Justice  /  Comparison

The Supreme Court Is Headed Back to the 19th Century

The justices again appear poised to pursue a purely theoretical liberty at the expense of the lives of people of color.
Associated Press

With Anthony Kennedy’s retirement, there is no discriminatory voting restriction the justices will be unable to sanction, no immigration law born in animus they will be unable to approve, no expansion of corporate power they will be unable to accept, no grant of presidential immunity they will be unable to uphold, no financial or environmental regulation they will be unable to strike down, no religious objection to an antidiscrimination law they will be unable to recognize, no worker protection they will be unable to repeal, no limitation on abortion they will be unable to allow, and no abuse of power by law enforcement they will feel compelled to restrict. While the Roberts Court will never explicitly endorse a white man’s government in the way the Redemption Court did, in pursuit of other cherished ideological goals it will be asked to pave the road for a white man’s government by another name.

The justices of the Redemption Court “had a very limited and restricted view of racial justice. They lacked imagination, and because their view was so limited, they ended up destroying Reconstruction,” says Anderson Francois, the director of the Civil Rights Clinic at NYU. “In the travel-ban case, Roberts tries to pull the same stunt, pretending not to know or understand the social context in which Trump ran and which he has used to govern. The Trump administration, without exaggeration, is committed to maintaining some form of white supremacy and white control.”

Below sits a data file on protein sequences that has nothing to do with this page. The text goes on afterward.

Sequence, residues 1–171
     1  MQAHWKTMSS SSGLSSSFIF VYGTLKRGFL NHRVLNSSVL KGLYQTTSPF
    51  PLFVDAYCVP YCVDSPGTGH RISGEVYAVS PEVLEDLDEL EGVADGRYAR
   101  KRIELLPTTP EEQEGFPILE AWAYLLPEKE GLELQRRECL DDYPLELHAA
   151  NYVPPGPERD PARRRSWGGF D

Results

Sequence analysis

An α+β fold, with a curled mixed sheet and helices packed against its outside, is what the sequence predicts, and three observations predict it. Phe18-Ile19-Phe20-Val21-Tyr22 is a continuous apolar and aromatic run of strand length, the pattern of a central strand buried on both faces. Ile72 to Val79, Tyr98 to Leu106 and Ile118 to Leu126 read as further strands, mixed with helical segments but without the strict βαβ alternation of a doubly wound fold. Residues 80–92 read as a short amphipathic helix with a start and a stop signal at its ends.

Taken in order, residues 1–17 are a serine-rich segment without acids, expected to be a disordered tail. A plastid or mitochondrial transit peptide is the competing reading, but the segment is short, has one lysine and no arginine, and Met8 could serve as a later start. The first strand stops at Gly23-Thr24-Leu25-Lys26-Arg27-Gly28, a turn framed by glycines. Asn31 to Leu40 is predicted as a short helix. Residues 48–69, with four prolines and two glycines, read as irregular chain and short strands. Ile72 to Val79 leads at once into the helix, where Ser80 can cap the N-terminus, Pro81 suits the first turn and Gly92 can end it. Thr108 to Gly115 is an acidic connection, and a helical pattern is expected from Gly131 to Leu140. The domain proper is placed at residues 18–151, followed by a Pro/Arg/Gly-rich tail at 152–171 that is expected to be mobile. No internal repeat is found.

In the short term, that means that in states where Republicans dominate the government, women and religious and ethnic minorities will find their rights further curtailed. Where it is necessary to restrict the electorate in order to maintain political dominance, Republicans will be able to do so without much interference. This will not be a simple matter of reasserting states’ rights. If the past is any guide, Republicans will find the lure of using federal power to impose their ideological goals on the blue states that choose to reject them difficult to resist, should they even attempt to resist it.

The Roberts Court need not be any more consistent than the Redemption Court. Where federalism meets its goals, it will employ federalism. Where the supremacy of the federal government must be invoked, it will invoke the supremacy of the federal government.